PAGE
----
Lord Falconer, Jeremy Corbyn’s Shadow Justice Secretary, usually keeps a low profile. That did not seem to hold true, however, when news broke on March 3rd that the man who championed the Human Rights Act during Tony Blair’s tenure received a stunning blow from the High Court in a corruption/terrorism case pitting the Republic of Djibouti (for whom Lord Falconer is serving as lead counsel) against London-based businessman Abdourahman Boreh. The African state has accused Boreh of terrorism and seized his assets, but the High Court has now categorically dismissed those charges – and even forced Lord Falconer to issue a grovelling apology after it found that the Court had been misled by Djibouti’s team.

Djibouti is a small East African country with a long list of human rights abuses committed under the three-term presidency of Ismail Omar Guelleh, whose reign has been littered with allegations of crimes against humanity. Djibouti’s authoritarian government was allegedly paying the self-described human rights champion £2 million per year – a sum high enough to apparently make Lord Falconer forget about the praise he had heaped on the Human Rights Act and its mandate to protect “the powerless – victims of crime, people in care and, yes, sometimes also the unpopular – against the might of the strong and the dictates of the State.”

Lord Falconer seems to embody everything that Jeremy Corbyn is not, and yet the Baron of Thoroton sits proudly on the front bench. Indeed, some of Corbyn’s choices when he announced the new Shadow Cabinet raised eyebrows across Britain’s political landscape. Whether it is an attempt to be seen as representing a wider cross section of the Labor Party’s following or simply momentary befuddlement, the inclusion of such figures as Lord Falconer seemed entirely at odds with the Shadow Prime Minister’s leanings and beliefs.

A former darling of the Blair Cabinet, Falconer was at the forefront of the wave of change that swept New Labour to power back in 1996. Blair was always keen to reward friends and supporters; Falconer, his former flatmate, was no exception. Only months after winning the election, Blair made Falconer a life peer, after which he immediately joined the government as Solicitor General. The favours did not stop there, and in a display that earned him the moniker ‘Tony’s crony” from the BBC, Falconer racked up some of the most prestigious titles in the land: Baron, Minister of State, Lord Chancellor, and so on. His dizzying ascent up the political ladder only ended when Blair’s archenemy in waiting, Gordon Brown, took the reins of power and doggedly kicked out Blair’s cronies—Falconer included.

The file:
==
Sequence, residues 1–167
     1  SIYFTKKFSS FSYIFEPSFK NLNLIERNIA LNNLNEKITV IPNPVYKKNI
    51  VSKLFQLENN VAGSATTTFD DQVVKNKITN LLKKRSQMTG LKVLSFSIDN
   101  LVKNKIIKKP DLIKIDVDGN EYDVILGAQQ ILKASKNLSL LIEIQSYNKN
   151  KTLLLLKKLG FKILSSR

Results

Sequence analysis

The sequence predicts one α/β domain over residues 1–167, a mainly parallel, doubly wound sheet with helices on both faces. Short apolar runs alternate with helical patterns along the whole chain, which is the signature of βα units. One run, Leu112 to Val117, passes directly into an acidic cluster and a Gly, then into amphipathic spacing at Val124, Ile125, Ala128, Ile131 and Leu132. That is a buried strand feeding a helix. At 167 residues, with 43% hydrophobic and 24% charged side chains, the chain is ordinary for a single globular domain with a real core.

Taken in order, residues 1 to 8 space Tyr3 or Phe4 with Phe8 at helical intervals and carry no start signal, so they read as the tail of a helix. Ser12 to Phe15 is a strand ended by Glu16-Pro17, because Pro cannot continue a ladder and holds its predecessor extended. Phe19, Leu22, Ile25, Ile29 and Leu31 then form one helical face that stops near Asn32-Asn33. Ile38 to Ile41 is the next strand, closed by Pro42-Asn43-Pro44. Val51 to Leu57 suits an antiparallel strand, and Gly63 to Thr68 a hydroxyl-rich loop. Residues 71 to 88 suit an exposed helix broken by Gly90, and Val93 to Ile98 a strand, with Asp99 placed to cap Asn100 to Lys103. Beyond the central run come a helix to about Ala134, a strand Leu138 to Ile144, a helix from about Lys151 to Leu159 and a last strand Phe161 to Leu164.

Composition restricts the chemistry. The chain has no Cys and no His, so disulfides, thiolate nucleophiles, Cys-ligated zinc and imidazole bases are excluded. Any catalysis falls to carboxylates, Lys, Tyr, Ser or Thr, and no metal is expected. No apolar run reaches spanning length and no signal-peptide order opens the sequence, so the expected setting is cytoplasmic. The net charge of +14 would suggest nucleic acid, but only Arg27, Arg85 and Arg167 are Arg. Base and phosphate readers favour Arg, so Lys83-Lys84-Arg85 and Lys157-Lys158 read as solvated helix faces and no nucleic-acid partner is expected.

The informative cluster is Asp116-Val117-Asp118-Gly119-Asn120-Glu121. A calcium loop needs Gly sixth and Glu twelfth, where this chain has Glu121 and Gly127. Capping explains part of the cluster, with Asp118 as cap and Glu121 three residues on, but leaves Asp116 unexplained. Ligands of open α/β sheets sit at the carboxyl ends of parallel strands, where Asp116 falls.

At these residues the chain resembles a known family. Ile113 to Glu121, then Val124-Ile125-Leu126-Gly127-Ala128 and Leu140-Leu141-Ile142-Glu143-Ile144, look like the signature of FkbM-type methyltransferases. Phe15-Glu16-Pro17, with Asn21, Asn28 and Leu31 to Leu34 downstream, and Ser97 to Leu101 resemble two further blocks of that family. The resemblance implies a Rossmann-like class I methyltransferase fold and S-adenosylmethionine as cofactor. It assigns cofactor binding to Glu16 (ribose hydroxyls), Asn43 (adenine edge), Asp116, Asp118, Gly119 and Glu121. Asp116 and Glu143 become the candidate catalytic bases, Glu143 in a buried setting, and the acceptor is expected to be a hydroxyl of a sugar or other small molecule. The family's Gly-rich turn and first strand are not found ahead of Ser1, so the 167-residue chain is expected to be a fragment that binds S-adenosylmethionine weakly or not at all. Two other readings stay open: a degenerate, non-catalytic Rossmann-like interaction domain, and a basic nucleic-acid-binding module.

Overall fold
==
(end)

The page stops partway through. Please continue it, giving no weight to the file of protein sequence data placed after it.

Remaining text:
If this extraordinary display of social climbing was not enough to lead the Shadow PM away from including Falconer in the Shadow Cabinet, his attitude to Blair’s post-premiership should have been. In fact, no sooner had Blair turned his back than Falconer began to plant daggers in it, using Blair’s mis-handling of the Iraq affair to ingratiate himself with the new players on the Labour block. Corbyn was not even his first choice – Falconer was first an ardent backer of Andy Burnham. Loyalty is not, it seems, a quality that Lord Falconer aspires to.

Curiously, Falconer’s ideology has little in common with Corbyn’s line. On the nationalisation of banks and utilities, for instance, Falconer is diametrically opposed (and quite vocally so). That would not be particularly noteworthy in and of itself, but Falconer is also opposed to any government interference in the affairs of the central bank as well as the proposed scrapping of the academies programme. He is also in favour of the Conservative government’s welfare cap. Perhaps most notable, however, is hisopposition to the abolition of Trident – a Corbyn policy that is practically the hallmark of his leadership.  Falconer, it seems, essentially stands against Corbyn’s entire platform.

How, then, can Falconer’s presence in Corbyn’s Shadow Cabinet be explained? There was a feeling when Falconer was first appointed that he could provide something of a moderating element to Corbyn’s radicalism – a conciliatory approach that might bring a few more middle-of-the-road voters back into Labour’s fold, much like the role Hilary Benn has performed. With the Labour party often characterised as being in disarray, a former Blair favourite could have acted as a catalyst to re-centre the party’s political focus. Instead, Falconer has one-upped his consistent displays of hypocrisy in “defending” human rights and his outright opposition to nearly every single principle that Corbyn has based his leadership upon by publicly dismissing the Labour leader’s chances of winning an election.

Whatever Corbyn’s gamble was, it is now clear that the Baron’s presence in the Shadow Cabinet only gives ammunition to those who doubt the Labour leader’s capacity to lead and to surround himself with competent politicians. With friends like Falconer, who needs enemies?


About Author

Margaret Koffman

Margaret is a London based freelance researcher and development consultant with a specific focus on the African region.

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